The curator of the V&A’s Dame Mary Quant exhibition said the designer, who has died aged 93, was a “modern influencer before her time”.
Jenny Lister curated a 2019-2020 exhibition, dedicated to Dame Mary’s life and style, with more than 200 garments on show.
It explored her impact on fashion and has been cited as one of the V&A’s most popular fashion exhibitions, with the museum saying in 2020 the display had been visited 400,000 times.
Ms Lister says Dame Mary’s personality played a major part in her success.
Dame Mary set up her first shop, Bazaar, on the King’s Road in London’s Chelsea in 1955, which started as a “small, amateurish enterprise, really taking advantage of the urban renewal that was going on in the post-war time in Britain”, Ms Lister told the PA news agency.
“It grew from there, with customers walking by, seeing things in windows they wanted. And they also wanted to look like Mary herself.”
This coincided with “media changes that happened in the late ’50s and ’60s”, she said.
“Fashion became such a widely consumed subject and, I think, because she was so photogenic as well, journalists were fascinated both by her looks and what she had to say and I think it’s really down to her wearing the looks that mean she had this incredible impact on fashion.”
While there were earlier celebrity designers like Coco Chanel and Elsa Schiaparelli, Ms Lister said: “Their prices were so much more unattainable for most people.
“I think because (Dame Mary) wanted her things to be affordable … it meant you didn’t really have to spend a lot of money to identify with her and her brand.”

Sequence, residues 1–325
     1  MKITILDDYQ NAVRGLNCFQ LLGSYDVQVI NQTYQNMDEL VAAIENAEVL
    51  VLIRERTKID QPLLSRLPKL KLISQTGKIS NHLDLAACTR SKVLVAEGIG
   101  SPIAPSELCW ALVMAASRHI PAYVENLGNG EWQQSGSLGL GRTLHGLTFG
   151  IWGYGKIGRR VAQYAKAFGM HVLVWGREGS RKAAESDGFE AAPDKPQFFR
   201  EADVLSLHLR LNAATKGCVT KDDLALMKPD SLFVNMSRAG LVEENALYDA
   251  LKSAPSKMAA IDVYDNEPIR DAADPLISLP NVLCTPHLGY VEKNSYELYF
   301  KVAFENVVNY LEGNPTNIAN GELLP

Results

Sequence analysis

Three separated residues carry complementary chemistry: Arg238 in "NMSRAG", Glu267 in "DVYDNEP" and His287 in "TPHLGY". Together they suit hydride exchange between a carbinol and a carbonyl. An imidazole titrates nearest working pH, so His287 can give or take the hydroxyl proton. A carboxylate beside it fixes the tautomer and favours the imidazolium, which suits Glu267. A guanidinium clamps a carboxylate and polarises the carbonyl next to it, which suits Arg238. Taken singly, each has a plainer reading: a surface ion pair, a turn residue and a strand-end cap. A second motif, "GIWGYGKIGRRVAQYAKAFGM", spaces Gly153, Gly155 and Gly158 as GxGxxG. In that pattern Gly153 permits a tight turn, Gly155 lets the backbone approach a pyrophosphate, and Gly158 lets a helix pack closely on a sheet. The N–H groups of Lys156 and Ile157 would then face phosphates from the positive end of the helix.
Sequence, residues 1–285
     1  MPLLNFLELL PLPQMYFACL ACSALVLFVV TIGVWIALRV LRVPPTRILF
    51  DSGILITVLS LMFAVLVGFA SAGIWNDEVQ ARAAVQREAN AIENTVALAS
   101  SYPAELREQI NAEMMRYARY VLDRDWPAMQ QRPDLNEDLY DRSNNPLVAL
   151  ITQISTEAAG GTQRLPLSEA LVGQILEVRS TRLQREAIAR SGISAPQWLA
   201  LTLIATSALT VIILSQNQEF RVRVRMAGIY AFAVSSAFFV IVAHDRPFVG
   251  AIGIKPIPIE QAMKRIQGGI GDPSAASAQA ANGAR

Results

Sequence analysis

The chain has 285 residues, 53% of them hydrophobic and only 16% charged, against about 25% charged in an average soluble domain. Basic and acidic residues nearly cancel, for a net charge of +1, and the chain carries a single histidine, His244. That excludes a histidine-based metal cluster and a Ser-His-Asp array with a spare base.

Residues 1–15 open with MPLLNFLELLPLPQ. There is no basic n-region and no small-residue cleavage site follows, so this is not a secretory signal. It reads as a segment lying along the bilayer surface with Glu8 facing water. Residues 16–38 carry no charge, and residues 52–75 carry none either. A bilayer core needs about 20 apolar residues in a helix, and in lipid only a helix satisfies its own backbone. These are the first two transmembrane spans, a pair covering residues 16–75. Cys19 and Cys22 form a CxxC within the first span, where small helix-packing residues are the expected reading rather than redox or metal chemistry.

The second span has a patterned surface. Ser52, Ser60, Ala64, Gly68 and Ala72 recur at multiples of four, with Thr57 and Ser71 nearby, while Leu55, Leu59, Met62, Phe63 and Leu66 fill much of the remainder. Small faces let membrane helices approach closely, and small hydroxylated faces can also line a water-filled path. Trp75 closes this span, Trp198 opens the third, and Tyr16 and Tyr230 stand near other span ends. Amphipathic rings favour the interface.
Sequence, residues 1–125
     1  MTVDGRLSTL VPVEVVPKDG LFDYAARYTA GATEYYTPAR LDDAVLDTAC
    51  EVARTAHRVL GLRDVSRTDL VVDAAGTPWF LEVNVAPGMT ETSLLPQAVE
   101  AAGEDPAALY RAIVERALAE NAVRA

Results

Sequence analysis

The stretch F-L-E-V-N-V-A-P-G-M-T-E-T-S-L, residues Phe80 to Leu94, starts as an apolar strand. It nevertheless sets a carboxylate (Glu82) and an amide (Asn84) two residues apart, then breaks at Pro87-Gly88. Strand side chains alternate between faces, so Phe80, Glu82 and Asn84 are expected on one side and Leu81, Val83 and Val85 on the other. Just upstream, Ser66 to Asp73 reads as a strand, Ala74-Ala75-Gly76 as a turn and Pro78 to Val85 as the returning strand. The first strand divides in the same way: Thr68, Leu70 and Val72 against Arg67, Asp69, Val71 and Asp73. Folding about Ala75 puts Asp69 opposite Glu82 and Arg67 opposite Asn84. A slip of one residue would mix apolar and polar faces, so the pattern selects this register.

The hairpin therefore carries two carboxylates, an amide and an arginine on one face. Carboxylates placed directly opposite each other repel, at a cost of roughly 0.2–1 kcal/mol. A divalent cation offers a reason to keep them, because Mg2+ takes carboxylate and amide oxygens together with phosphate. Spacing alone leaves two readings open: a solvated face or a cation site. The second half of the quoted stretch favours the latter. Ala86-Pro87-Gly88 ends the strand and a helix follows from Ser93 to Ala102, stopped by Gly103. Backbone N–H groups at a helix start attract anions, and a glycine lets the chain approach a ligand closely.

Despite an exuberant public image, Ms Lister said Dame Mary “was really shy, which is so surprising when you consider all the press interest she had and how often she was followed by media”.
She said: “Family and friends have told me so often they had to drag her out to award ceremonies and to talk in large groups of people, which I found really surprising because when you watch her do interviews back in the ’60s, she’s incredibly good at communicating her ideas.
“And I think (that’s why) a lot of people connected with her.”
“Mary Quant said herself she felt clothes and fashion should be like a tool for competing in everyday life,” Ms Lister said.
“So you didn’t have to think about your clothes, they just worked for you.”
This meant a move away from the hourglass silhouettes and high heels of the 1950s.
“She wanted people to have flat shoes so they could run for the bus and also look good to go to work and to go out after work as well,” Ms Lister said.
“Her clothes were definitely more functional in that way, but also so fun and vibrant and decorative as well.”
“It was really clever and stylish and minimal – and yet it said so much and conveyed her attitude to life,” Ms Lister said.
“You can definitely see that it was decades ahead of the time, when you think we look at these little logos on our phones for apps and things and they all represent something.
“(The daisy logo) represents so much, so I think that was really incredibly ahead of her time.”